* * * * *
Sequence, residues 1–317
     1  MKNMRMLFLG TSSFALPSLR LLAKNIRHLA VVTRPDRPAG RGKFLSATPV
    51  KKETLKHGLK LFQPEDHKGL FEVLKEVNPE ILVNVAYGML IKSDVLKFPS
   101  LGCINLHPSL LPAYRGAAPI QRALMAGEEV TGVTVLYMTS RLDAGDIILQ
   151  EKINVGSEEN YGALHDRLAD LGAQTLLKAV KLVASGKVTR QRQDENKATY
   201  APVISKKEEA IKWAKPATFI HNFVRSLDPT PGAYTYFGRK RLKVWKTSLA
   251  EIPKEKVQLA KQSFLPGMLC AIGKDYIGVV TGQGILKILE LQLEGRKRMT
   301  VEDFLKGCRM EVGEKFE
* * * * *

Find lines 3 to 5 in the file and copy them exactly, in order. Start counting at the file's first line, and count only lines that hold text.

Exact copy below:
    51  KKETLKHGLK LFQPEDHKGL FEVLKEVNPE ILVNVAYGML IKSDVLKFPS
   101  LGCINLHPSL LPAYRGAAPI QRALMAGEEV TGVTVLYMTS RLDAGDIILQ
   151  EKINVGSEEN YGALHDRLAD LGAQTLLKAV KLVASGKVTR QRQDENKATY